# Would it be possible to put wind turbines alongside runways that are driven by the exhaust of planes?

The only thing somewhat similar that I could find is research from students to use air vents from factories. This is of course a much lower force to deal with.

I'm curious if someone could give some advice or could tell me why it would or wouldn't work.

• @Fred Larson: From that article "Natural wind speed normally does not exceed several miles an hour." They sure don't live around here, where it's quite commonplace for winds to be strong enough to flip semis: carsonnow.org/story/06/09/2021/… I've often thought a line of wind turbines along that highway would be quite useful. Nov 30, 2021 at 18:13
• The list of things that are possible, yet are not good ideas, is virtually infinite. Dec 1, 2021 at 1:34
• Yeah, make them really high, too! Dec 1, 2021 at 6:24
• Electricity generated per day: \$0.02 worth. Cost of recovering from a fully loaded 747 hitting a wind turbine: \$xx,000,000 Dec 1, 2021 at 8:05
• Hey, we could find a way to harness the kinetic energy of everyone typing on keyboards, just think of how energy is produced just through typing. I think I read it only takes 100 novels to heat a cup of tea. There are a lot of these ideas that sound good, but don't work out in reality. Placing wind turbines in optimal areas would produce far more electricity than an occasional increase in wind from several planes taking off every hour. Dec 1, 2021 at 15:22

## 5 Answers

No, there's no practical benefit to putting wind turbines alongside runways and plenty of drawbacks. Airplane engines and propellers direct their thrust straight back, so the only logical place to put a turbine for energy reclamation would be directly behind the runway threshold to catch the wind from engines as they are spooled up for takeoff.

In order to successfully catch energy behind a departing airplane wind turbines would have to be very close to the engines. There are several problems with that:

1. Safety: remember that almost all airstrips are used both directions depending on wind, and many runways have an overshoot area past the threshold on the other end which is used in emergencies. Putting wind turbines at the thresholds places an obstacle between a landing airplane and the overshoot area which would be a serious safety risk. The only way this would work is if the turbines are retractable
2. Turbine Design: wind turbine blades have to be pitched correctly in order to efficiently produce power, the profile of the wind they would capture is a brief, powerful burst which then tails off. A simple turbine with fixed blades would need to be optimized for that brief burst, if you want to catch more of the energy as the airplane rolls away you'd have to have a much more complex variable pitch system. Complexity adds cost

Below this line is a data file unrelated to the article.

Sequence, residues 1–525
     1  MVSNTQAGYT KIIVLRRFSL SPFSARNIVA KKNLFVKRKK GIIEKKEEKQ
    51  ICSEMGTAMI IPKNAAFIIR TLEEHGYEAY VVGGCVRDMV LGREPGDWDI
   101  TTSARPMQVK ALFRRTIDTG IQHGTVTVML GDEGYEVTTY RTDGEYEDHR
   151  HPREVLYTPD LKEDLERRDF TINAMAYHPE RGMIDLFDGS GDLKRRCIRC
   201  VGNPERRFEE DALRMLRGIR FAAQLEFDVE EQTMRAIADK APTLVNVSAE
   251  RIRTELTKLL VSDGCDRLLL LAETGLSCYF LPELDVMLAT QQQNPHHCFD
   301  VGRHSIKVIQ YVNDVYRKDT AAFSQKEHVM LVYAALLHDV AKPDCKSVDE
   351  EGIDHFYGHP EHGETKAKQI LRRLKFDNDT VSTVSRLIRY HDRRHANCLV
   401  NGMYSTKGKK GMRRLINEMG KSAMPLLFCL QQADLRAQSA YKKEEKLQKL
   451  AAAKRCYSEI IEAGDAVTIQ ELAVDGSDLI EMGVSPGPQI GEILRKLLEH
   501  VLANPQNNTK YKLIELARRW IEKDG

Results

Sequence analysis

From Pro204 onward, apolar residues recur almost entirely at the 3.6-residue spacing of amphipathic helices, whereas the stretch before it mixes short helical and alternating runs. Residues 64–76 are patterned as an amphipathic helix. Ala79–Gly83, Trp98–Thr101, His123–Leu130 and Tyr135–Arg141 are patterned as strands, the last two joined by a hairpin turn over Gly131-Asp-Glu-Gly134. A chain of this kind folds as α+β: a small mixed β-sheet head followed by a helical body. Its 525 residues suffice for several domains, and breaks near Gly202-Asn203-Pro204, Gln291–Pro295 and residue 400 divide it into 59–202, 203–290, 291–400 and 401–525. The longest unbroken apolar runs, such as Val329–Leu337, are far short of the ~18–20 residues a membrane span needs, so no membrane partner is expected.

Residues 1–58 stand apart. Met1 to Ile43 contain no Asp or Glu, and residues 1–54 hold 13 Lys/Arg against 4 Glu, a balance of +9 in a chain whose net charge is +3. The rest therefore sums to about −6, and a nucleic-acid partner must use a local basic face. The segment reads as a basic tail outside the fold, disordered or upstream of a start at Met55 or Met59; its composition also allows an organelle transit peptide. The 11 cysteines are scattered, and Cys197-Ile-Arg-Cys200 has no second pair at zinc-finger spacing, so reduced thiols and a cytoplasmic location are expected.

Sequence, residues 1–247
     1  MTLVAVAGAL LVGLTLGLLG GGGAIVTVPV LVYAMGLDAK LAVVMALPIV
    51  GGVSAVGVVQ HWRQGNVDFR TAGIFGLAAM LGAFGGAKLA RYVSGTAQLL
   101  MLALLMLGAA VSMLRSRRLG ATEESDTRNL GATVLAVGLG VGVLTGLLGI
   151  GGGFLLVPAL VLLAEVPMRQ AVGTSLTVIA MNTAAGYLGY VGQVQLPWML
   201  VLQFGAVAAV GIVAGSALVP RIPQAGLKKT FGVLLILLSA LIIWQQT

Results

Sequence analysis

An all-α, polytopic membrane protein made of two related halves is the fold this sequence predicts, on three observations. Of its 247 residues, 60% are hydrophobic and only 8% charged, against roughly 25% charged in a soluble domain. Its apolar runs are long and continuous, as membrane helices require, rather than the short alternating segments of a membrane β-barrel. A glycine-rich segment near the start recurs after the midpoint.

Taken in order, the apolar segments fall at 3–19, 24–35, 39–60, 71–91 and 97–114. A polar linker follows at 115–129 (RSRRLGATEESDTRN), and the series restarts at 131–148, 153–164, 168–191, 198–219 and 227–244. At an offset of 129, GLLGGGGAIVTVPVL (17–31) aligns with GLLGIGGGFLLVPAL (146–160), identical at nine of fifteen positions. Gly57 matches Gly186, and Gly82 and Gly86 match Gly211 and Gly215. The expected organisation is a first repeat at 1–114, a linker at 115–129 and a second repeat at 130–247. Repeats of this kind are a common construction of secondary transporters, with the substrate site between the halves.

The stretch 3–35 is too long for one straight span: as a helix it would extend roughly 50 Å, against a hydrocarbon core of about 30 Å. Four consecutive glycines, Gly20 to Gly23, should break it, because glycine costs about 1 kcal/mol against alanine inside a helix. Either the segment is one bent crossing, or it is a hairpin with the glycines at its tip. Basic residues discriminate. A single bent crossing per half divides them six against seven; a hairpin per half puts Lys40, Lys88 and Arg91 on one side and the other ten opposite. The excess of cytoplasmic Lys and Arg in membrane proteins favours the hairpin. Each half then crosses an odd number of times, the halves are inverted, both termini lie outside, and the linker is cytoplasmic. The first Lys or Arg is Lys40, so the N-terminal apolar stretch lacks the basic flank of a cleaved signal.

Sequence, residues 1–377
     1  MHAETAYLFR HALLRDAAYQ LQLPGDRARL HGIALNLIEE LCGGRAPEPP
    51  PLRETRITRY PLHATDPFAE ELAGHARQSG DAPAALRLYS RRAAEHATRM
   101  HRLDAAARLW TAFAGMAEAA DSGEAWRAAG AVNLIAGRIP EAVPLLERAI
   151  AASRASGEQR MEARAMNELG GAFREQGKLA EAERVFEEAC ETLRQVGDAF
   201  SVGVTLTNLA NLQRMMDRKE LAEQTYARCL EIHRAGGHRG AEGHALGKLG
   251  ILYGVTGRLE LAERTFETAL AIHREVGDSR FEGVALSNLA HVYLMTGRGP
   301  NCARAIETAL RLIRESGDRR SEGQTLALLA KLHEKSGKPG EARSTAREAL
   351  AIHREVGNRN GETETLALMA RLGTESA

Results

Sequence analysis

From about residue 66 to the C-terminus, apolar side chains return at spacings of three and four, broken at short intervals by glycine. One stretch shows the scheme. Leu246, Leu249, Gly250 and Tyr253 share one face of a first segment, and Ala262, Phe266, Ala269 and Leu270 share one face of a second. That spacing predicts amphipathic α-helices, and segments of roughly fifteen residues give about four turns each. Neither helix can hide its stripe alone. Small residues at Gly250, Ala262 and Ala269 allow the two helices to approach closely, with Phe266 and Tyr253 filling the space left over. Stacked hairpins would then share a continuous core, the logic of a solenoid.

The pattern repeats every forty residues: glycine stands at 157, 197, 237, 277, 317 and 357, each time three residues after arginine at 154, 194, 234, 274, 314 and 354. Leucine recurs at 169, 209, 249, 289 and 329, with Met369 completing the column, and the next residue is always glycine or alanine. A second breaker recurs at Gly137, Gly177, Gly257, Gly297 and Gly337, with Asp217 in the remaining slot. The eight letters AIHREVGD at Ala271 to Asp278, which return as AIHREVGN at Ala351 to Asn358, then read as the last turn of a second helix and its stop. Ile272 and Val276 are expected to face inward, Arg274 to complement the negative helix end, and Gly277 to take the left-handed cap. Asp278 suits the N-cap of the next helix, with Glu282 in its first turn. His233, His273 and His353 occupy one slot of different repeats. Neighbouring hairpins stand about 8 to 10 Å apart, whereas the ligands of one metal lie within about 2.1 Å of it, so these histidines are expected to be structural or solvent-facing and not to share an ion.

3. Economics: a wind turbine right behind the threshold would get a few seconds of wind every time. Let's be generous and say each takeoff will produce 10 seconds of wind for power generation, and it's a relatively busy airport with 500 takeoffs per day. That's 5000 seconds of power per day, or about 83 minutes per day. It's doubtful you would be able to make any wind turbine profitable on 83 minutes of wind per day, especially since you'd need these to be retractable and you'd need 2 sets - one for each end of the strip

As for putting turbines to the sides of the runway you would catch very limited amounts of energy, at the same time you'd be installing obstacles and increasing risks. Turbines also cause turbulence which would make crosswind takeoffs more risky.

• Two other constraints: All obstacles along the runway must be frangible. and interferences created by blades on VOR and ILS.
– mins
Nov 30, 2021 at 11:25
• To add a few other numbers, say an average twin-engined jet has 60MW of total engine capacity and let's say you could capture even 10% of that, which is absurdly generous, for those 83 minutes. At a typical market rate of \$17 per MWh you would be making about \$141 per day. More likely you'd be lucky to capture 1% of that energy for a whopping revenue of about fifteen bucks a day.
– J...
Dec 1, 2021 at 1:38
• @J 0.1%? 0.01%? Dec 1, 2021 at 6:25
• @Peter-ReinstateMonica Yeah, floor's the limit. I said lucky, after all ;)
– J...
Dec 1, 2021 at 12:09
• ... so, mount the turbine onto the tail of the plane, where it can continuously recapture the output of the engines and use it to recharge batteries to extend range... (only kidding! :) ) Dec 1, 2021 at 23:46

Safety would be a big issue. The runways are where planes take off - and land. Large windmills next to the runway would not be a good thimg.

There is quite some energy expelled from the engines, and catching all of it on a busy airport would be worth looking at were it not for:

• The main jetstreams are flowing along the runway itself, where there may not be any windmills!